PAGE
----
Setting an effective spread is where a lot of fisherman will go wrong, knowing where and how far back to position your lures is something that can only be learnt from hours on the water. If you’re just starting out it’s a good tip to purchase lures where the manufacturer has a suggested position and troll speed on the packet; this will take some of the guess work out of it and save you time on the water trying to get a lure to swim effectively. When determining your lure position its good to place lures where it is as easy as possible for the fish to see it, so when targeting bluefin, I like to run deep divers from the short corners closest to the transom, this puts them below the prop wash and provides a clear silhouette against the white bubbles. From the short and long rigger I like to run resin headed skirted lures in sizes ranging from 3 to 8 inches in length, as these are run off the outriggers they will spend quite a lot of time in clean water outside of your wake; especially when you are turning. From the shot gun or rocket launcher I prefer a metal bullet head skirted lure, as it will travel just below the surface and doesn’t necessarily have a lot of action. Boat speed when trolling is crucial to how your chosen lures will swim. Placing your lures in the front face of the pressure waves created by your boat is advantageous.
There is no specific speed that I will troll, I troll at the speed that best allows the lures to swim. Speed obviously varies by what lures you’re running and what the conditions are like. Many deep diving bibbed minnows don’t like to be trolled at speed and will start to ‘blow out’ [break the surface], sometimes you can overcome this by adjusting the distance between the transom and the lure (either shorter or further from the boat) however, there is a maximum speed where they will no longer swim effectively. Generally a skirted lure will have a swim cycle where the lure comes to the surface, splashes, takes a breath of air, dives, leaves a smoke trail and then re-surfaces to start the cycle over again, this swim cycle is when they are working best. When these lures surface, skip along and tumble head over heels you are going too fast. Putting lures together that can swim effectively is part of the challenge, just remember that your direction plays a part as well; the speed that was perfect heading into the swell against the wind won’t be the best speed when you turn down sea. Sometimes with bluefin a change in speed is exactly what you need to trigger a strike, just a couple of hundred revs more to get the lures working a bit franticly is all that is needed. With bluefin in particular, I have found faster is generally better.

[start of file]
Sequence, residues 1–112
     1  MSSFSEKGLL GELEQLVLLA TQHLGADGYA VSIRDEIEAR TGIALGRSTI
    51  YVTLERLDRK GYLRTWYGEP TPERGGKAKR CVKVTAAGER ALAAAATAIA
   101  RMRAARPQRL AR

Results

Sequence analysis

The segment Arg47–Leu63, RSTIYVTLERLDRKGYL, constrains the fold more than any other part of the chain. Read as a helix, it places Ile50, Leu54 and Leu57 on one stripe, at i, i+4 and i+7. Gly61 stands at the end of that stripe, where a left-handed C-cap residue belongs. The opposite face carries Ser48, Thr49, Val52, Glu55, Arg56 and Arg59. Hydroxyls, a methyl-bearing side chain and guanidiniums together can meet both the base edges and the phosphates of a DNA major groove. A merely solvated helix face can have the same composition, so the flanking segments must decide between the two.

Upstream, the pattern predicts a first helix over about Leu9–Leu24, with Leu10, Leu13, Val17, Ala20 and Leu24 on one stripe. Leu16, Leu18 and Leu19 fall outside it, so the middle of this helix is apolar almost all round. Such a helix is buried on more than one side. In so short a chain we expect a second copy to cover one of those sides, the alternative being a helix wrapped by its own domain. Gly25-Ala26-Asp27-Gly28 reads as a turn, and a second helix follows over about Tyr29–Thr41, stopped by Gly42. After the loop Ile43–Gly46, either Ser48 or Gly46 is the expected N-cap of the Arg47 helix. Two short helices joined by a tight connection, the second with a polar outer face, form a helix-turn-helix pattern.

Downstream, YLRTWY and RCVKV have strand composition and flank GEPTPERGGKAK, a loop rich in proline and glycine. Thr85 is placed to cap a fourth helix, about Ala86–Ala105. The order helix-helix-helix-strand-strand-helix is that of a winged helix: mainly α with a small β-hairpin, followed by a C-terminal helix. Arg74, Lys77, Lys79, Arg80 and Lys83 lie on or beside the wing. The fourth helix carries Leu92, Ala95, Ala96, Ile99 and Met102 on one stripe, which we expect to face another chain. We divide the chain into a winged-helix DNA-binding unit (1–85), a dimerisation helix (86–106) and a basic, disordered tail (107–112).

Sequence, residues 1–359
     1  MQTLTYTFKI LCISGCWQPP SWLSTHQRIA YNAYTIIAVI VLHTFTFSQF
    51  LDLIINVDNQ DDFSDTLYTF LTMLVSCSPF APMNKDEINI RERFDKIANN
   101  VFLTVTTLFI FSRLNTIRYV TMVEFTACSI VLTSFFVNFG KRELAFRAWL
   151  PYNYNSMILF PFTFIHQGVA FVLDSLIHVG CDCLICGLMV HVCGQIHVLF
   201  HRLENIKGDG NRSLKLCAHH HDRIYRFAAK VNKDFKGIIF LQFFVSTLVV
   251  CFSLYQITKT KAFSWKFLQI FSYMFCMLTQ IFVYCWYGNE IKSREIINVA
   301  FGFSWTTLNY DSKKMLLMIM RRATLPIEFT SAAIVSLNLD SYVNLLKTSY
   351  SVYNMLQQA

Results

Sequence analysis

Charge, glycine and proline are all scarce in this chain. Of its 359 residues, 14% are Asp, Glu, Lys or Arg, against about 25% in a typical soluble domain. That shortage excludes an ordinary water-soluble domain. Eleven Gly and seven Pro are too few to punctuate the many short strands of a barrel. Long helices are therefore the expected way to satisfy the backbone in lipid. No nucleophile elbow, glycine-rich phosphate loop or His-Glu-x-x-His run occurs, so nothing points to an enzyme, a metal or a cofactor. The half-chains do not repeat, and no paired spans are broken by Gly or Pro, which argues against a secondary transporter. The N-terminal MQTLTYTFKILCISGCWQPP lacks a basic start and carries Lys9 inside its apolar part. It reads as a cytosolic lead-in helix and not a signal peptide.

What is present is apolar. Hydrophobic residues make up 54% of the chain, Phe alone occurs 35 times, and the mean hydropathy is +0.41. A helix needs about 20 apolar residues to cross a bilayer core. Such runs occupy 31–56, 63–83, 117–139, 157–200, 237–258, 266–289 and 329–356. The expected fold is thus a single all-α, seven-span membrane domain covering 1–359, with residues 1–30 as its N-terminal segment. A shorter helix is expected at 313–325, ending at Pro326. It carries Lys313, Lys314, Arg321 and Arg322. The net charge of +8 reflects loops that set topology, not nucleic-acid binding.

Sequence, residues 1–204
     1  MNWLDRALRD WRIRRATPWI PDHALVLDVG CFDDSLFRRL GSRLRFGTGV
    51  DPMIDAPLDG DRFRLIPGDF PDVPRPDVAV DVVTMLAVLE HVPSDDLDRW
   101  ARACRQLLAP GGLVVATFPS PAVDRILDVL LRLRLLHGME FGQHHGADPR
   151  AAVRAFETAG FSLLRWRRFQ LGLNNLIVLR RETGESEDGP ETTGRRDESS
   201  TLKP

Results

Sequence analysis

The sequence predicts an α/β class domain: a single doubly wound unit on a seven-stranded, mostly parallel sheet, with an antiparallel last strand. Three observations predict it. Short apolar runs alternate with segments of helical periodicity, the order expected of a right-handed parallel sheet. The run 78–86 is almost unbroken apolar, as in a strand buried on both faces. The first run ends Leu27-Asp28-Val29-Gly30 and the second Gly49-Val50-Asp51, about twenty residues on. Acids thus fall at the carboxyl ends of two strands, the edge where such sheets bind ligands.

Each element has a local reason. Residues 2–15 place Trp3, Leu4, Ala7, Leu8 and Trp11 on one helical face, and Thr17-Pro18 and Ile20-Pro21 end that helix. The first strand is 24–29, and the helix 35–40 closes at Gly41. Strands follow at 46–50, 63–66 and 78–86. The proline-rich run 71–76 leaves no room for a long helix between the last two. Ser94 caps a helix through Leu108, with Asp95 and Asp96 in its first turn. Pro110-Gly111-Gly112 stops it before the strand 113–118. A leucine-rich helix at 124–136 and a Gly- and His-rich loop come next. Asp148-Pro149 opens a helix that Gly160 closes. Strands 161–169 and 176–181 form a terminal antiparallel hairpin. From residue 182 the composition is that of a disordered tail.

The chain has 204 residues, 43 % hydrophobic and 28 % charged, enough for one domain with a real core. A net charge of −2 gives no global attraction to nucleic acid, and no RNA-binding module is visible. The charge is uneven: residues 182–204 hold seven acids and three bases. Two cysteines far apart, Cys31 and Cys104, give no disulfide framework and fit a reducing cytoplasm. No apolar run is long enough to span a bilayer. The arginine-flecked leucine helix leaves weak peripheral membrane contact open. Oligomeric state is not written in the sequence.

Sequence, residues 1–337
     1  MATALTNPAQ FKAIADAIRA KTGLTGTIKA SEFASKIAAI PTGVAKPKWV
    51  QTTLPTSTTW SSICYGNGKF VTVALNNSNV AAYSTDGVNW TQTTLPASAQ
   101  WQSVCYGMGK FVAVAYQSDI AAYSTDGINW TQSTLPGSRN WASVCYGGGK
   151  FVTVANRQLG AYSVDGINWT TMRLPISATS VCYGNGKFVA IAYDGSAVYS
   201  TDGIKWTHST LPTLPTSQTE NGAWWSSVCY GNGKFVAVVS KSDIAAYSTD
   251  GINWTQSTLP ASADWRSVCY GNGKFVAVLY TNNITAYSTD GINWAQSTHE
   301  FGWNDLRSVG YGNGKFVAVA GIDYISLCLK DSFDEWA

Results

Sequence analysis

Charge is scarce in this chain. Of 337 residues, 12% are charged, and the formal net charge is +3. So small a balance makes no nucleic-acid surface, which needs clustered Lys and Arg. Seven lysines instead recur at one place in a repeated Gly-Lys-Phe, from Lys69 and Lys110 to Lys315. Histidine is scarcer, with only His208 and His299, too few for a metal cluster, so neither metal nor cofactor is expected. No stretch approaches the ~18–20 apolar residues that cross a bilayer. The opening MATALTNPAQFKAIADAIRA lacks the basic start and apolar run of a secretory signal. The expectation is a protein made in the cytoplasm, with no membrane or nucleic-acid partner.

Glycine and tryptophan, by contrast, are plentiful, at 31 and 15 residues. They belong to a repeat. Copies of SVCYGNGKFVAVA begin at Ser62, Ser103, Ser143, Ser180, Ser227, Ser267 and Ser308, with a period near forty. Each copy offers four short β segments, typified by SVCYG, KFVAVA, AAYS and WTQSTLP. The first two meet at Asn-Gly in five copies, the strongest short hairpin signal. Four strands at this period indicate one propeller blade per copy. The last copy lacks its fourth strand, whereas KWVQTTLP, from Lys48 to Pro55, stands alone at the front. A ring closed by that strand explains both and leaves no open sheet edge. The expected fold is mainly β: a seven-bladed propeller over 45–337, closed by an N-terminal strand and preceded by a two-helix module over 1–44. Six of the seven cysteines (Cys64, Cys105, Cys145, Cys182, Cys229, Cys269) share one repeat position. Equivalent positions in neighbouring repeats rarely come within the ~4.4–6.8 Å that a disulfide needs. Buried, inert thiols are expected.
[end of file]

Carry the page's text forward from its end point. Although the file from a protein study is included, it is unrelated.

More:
The only way to judge a lures ability is by how often it gets hit and the best way to test a lure is when the fish are firing. Take care to note which lures are getting the most strikes. The majority of the time you will find its one or two lures in the spread, this is your chance to do some experimenting, the lures that are not getting any attention can be substituted; this is a great chance to find out what the bluefin want to eat. I have some favourite lures that have caught hundreds of yellowfin but bluefin just don’t like them and I have some lures that have never caught anything but are dynamite on bluefin. Over time this experimenting will give you all the information you need on lure selection for bluefin and you will develop a great arsenal of bluefin catching lures

If I think the bluefin are swimming deep I run a Witch Doctor style teaser or if its calm I run an Exciter Bird with a daisy chain of lures for surface splash, sometimes I run both of these teasers; the more action, flash and vibration you can provide, the more interest you will receive from the fish. Running a deep diver just behind the Witch Doctor and a skirted lure in the short rigger position just behind the daisy chain will often result in a strike from these two positions simultaneously.